Angels and Us
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Angels and Us

By (author) Mortimer J. Adler

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Mortimer Adler has always been ahead of his time. In 1982, before the current revival of interest in angels, Dr. Adler published "The Angels and Us," an engaging look at the various images and hierarchies of angels (including guardian angels). Dr. Adler, the bestselling author of "Ten Philosophical Mistakes," "Aristotle for Everybody," and "The Great Ideas," speculates on the existence of angels; why Jews, Christians, and Muslims believe in angels, and the ways angels have been viewed as objects of religious belief and philosophical thought. This is a wonderfully enlightening work on the affinities between angels and human beings.

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  • Paperback | 224 pages
  • 136 x 212 x 22mm | 220g
  • 19 Sep 1993
  • SIMON & SCHUSTER
  • Collier Paperbacks,U.S.
  • New York, NY
  • English
  • Reissue
  • black & white illustrations
  • 0020300654
  • 9780020300656
  • 1,050,619

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Review text

A curious, mildly interesting survey of angelology. As a "modem pagan," Adler looks at angels not as objects of devotion but as intriguing philosophico-theological constructs. Regardless of whether they actually exist, angels allow us to toy with the possibility of disembodied minds and, says Adler, serve as a device for detecting spiritualistic fallacies in psychology, politics, linguistics, etc. Adler gives a clear enough precis of the vast tradition on angels (sensibly choosing Thomas Aquinas as its classic expositor), but many readers will no doubt balk at taking the imaginative leap of admitting even the potential reality of pure spirits. Hobbes argued that the very idea of incorporeal substance is as much a contradiction in terms as a round square, and Adler never really refutes him. (Adler characteristically neglects the mythological - and highly unspiritual - origins of biblical angels; knowing, for example, that cherubs were once tutelary gods of Baby-Ion, winged beasts with human faces, makes one wonder about their subsequent etherealization.) Still, there's merit in Adler's comparison of angelology with mathematics: both are self-consistent systems based on certain unprovable assumptions. And there's some speculative fun to be had thinking about angels, as when Adler suggests that an angel can occupy a body in physical space without leaving heaven, "just as a corporation that has its legal residence in Delaware can act in Honolulu without leaving the state in which it is incorporated." Adler's concluding thrusts at angelism in the work of various thinkers (Plato, Descartes, et al.) score direct hits, at rather close range. All in all, a dry but informative little study. (Kirkus Reviews)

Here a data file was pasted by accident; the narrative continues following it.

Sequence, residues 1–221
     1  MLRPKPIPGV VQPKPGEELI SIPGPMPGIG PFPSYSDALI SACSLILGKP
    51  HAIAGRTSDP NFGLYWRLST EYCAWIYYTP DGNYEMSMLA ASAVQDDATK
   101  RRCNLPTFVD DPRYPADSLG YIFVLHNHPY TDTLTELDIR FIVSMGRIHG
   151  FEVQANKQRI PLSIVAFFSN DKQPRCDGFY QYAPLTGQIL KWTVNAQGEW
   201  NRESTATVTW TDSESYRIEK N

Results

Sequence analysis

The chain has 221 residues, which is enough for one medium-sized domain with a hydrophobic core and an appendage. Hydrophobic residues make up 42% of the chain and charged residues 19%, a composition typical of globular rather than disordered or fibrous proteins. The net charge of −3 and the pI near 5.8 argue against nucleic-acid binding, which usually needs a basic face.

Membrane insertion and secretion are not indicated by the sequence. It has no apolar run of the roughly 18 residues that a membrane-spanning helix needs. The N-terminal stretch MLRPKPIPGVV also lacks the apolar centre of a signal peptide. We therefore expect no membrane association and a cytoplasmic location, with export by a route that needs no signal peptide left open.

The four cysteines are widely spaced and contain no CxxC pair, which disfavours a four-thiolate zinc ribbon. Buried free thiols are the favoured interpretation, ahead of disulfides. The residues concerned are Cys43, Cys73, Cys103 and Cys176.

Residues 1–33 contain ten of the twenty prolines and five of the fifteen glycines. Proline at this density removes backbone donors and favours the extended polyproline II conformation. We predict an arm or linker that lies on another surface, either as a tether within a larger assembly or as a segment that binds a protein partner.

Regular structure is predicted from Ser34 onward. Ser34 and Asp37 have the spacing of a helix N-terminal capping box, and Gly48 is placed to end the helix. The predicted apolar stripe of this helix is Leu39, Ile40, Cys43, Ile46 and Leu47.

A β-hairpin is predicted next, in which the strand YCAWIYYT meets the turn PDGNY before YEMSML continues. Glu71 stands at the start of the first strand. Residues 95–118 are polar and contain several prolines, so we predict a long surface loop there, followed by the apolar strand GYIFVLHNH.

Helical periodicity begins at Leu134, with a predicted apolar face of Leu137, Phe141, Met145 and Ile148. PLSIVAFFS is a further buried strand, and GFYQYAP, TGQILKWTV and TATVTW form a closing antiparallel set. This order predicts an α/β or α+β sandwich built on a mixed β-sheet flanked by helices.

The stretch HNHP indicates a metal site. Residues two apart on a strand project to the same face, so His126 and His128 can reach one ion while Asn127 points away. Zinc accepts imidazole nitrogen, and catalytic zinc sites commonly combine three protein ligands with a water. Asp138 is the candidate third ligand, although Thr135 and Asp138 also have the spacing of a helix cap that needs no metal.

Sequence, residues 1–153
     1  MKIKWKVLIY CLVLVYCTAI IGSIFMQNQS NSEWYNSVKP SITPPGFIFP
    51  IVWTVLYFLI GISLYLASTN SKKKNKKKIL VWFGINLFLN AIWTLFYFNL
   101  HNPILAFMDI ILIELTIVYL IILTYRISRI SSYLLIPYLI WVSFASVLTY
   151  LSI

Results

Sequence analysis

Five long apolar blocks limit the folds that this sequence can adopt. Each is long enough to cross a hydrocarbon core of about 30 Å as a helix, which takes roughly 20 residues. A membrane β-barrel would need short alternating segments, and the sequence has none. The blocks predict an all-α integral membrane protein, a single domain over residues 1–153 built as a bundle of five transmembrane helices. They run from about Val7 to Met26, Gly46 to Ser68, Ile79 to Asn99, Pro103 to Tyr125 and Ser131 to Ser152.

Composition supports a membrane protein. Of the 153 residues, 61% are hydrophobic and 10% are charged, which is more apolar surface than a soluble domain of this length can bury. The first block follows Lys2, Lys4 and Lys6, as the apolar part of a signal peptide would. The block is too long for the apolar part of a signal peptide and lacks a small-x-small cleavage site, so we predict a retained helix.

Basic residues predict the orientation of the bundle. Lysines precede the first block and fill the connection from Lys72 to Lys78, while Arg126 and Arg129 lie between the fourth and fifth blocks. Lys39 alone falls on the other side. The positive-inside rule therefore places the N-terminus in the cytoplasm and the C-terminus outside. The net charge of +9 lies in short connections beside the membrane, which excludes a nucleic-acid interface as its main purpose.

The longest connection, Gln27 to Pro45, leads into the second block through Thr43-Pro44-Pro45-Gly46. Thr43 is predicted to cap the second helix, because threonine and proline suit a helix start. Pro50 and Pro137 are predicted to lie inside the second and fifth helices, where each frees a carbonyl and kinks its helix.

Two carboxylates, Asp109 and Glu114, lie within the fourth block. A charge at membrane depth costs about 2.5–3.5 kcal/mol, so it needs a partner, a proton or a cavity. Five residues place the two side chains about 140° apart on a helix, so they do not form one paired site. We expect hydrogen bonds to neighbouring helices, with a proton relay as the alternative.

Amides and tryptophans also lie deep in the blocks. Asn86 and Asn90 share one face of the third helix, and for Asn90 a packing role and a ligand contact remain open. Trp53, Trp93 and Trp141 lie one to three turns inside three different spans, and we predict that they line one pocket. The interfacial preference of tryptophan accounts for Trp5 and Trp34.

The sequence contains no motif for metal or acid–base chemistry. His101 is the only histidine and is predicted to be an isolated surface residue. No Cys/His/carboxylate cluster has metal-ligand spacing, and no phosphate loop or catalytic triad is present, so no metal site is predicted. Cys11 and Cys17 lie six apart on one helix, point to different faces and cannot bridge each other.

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Back cover copy

Mortimer Adler has always been ahead of his time. In 1982, before the current revival of interest in angels, Dr. Adler published "The Angels and Us", an engaging look at the various images and hierarchies of angels (including guardian angels). Dr. Adler, the bestselling author of "Ten Philosophical Mistakes", "Aristotle for Everybody", and "The Great Ideas", speculates on the existence of angels; why Jews, Christians, and Muslims believe in angels, and the ways angels have been viewed as objects of religious belief and philosophical thought. This is a wonderfully enlightening work on the affinities between angels and human beings.

show more